Wednesday, September 12, 2007


Wednesday, September 12, 2007


Several weeks ago now, my Grandma passed away. My Dad's Mother was 86 and died in her sleep. I am thankful that she was able to go peacefully. She had prayed her last breath might be taken that way. I believe that was because she had lived with an independent spirit for so long and didn’t want anyone else to have to worry about taking care of her through the last stages of life.

My Grandma, Wilma Hoffman, was born, raised, and planted in New Jersey/New York area. She was quite a woman with quite a story. Wilma could be described as a tough cookie with a good heart. Looking back on her life history, it is no wonder she learned how to be a strong and independent. She transformed from girl into woman rather quickly- living through orphanage life as a child, raising her younger brother, holding her own in a calloused neighborhood, becoming a "Rosie the Riveter" during the war, being a single mom for two kids, and taking in countless numbers of other children when the going got too rough in their own families. This last account was the most touching part of her funeral. To hear grown adults speak about how Wilma had literally taken them in off the streets or from broken homes and taught them how to be kind and responsible. One of them stated, “Before I knew Wilma, I knew how to do two things- fight and run. She taught me how to be a kind and responsible young man.” I never knew my father shared his childhood with so many brothers and sisters in this way. One of the most amazing things about the death of a family member is the way God seems to give you a glimpse of all that has been, and all that will be, according to his seamless plan.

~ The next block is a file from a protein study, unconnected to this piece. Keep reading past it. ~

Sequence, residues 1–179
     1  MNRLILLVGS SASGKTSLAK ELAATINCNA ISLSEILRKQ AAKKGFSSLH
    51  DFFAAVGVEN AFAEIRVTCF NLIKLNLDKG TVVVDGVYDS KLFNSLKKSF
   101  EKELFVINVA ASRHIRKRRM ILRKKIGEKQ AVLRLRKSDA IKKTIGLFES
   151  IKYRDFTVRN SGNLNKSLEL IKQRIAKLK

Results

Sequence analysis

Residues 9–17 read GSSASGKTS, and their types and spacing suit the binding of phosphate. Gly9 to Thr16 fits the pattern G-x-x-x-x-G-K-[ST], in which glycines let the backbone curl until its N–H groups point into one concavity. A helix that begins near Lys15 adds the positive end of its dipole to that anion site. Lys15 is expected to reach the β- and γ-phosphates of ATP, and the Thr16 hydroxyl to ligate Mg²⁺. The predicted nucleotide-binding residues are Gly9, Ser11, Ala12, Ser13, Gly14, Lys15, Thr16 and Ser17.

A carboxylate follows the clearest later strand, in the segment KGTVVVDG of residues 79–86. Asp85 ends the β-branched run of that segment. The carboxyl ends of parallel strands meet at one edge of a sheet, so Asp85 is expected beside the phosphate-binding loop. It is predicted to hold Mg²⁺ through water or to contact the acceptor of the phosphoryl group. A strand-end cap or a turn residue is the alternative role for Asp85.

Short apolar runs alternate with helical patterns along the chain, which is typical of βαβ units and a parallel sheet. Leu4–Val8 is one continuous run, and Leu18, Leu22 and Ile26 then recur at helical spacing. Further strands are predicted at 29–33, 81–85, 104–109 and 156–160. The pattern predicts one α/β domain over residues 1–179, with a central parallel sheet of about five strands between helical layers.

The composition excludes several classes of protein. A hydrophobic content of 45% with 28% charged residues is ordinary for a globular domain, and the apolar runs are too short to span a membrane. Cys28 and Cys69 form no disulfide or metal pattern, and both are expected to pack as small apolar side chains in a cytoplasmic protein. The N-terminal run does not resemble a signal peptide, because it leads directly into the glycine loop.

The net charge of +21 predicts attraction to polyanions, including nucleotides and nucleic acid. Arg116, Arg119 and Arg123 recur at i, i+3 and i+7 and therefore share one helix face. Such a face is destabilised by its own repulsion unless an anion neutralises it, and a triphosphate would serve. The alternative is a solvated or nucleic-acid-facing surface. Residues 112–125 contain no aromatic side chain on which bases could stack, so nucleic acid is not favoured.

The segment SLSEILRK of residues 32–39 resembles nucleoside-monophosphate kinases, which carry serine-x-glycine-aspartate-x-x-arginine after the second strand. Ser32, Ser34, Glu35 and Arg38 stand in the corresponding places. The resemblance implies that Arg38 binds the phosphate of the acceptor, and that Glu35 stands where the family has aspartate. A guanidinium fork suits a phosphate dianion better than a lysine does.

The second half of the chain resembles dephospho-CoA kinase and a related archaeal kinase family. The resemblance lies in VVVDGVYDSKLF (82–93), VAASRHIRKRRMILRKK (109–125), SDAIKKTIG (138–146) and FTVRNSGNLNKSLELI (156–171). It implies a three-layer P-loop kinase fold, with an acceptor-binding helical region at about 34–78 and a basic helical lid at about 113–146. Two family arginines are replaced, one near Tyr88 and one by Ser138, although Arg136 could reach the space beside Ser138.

This side of my family history allowed me to get to know an area of the country I would otherwise likely remain clueless. My Dad was born and raised in New Jersey, and actually he and my Mom spent their first two years of marriage there. They ended up deciding Jersey wasn’t quite their style, and moved to Chicago thinking they were more of the "Midwest" mentality. But when it comes down to it- there is so much about my Dad that still screams Jersey Boy! This may slip out in talk of the Shore house, Frankie Valley, or just a simply stated “Don’t worry bout it”.

Our family took summer vacations to Jersey frequently during my childhood. We would often spend time at the Jersey Shore. I absolutely adored going to the boardwalk and indulging in cheesy arcade games and rides. I also adored getting to know my Dad's gang of lifelong friends. Every time we came into town it was an excuse to throw a party so they could all reminisce about the good old days. I recall the sounds of the Doobie Brothers, Four Seasons, and Sinatra spinning through the air in the midst of Cigar smoking and deep hearty laughter. They are quite a pack and still remain extremely loyal to one another these days.

Reflecting on this as an adult, I can recognize how special and rare that is. I see this rubbed of on me without conscious awareness when I was younger- I took in my Dad's value for friendship that crosses miles, social status, and life choices.

In fact, I find I am gaining more and more respect and love for my Dad the more I learn about my family background. I was deeply inspired by the example of faith he portrayed this past trip, and it was evident that God's love was working through him to touch others.

It is with great sadness that the New Jersey chapter in my life seems closed. Although I know, all things considered, it is not. The memories will live on and I have been blessed to have the chance to get to know my Grandma. I will always remember and greatly appreciate her life perspective.


melissa said...

peace to your grandmother's memory - and peace to you, and love, from spain.

Ali James said...

Thats beautiful thanks for sharing! I miss you and your family so much!